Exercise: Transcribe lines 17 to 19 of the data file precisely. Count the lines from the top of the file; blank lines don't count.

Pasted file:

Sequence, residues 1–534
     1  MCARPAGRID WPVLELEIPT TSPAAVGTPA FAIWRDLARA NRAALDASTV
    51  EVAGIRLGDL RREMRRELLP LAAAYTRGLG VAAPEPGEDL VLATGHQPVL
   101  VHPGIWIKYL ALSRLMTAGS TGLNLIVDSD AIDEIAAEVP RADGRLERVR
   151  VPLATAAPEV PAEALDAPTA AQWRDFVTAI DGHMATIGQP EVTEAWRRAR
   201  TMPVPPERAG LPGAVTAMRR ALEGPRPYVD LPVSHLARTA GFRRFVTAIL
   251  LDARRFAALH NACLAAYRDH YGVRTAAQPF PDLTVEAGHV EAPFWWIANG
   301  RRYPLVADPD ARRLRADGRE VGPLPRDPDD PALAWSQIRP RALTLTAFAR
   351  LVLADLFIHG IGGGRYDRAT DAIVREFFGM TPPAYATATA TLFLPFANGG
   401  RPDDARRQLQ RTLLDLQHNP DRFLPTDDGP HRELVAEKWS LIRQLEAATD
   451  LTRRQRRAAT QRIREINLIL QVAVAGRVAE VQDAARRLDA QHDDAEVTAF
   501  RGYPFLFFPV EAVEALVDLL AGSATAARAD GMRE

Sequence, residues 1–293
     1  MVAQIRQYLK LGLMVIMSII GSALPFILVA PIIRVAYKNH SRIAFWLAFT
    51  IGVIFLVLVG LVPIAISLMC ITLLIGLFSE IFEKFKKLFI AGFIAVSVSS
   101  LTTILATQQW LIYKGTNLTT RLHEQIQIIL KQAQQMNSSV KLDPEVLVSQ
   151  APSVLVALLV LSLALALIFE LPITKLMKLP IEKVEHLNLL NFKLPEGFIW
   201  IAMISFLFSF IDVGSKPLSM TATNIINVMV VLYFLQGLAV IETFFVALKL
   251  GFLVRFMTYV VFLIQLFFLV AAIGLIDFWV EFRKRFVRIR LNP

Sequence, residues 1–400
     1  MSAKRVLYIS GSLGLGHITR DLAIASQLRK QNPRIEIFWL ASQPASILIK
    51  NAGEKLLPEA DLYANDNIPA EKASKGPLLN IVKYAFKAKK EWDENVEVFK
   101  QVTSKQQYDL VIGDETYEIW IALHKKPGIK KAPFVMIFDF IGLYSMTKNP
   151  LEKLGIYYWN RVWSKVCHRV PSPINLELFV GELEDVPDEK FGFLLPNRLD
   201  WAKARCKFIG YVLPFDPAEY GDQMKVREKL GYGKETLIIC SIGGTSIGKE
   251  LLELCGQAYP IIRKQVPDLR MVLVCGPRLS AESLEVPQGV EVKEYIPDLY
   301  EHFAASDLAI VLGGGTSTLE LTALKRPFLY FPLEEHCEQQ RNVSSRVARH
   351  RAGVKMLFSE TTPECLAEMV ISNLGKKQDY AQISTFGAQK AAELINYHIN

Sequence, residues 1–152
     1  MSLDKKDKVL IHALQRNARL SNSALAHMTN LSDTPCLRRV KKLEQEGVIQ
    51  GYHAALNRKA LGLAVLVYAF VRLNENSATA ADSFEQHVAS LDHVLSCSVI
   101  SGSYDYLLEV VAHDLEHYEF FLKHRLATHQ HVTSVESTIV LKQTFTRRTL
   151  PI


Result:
   151  APSVLVALLV LSLALALIFE LPITKLMKLP IEKVEHLNLL NFKLPEGFIW
   201  IAMISFLFSF IDVGSKPLSM TATNIINVMV VLYFLQGLAV IETFFVALKL
   251  GFLVRFMTYV VFLIQLFFLV AAIGLIDFWV EFRKRFVRIR LNP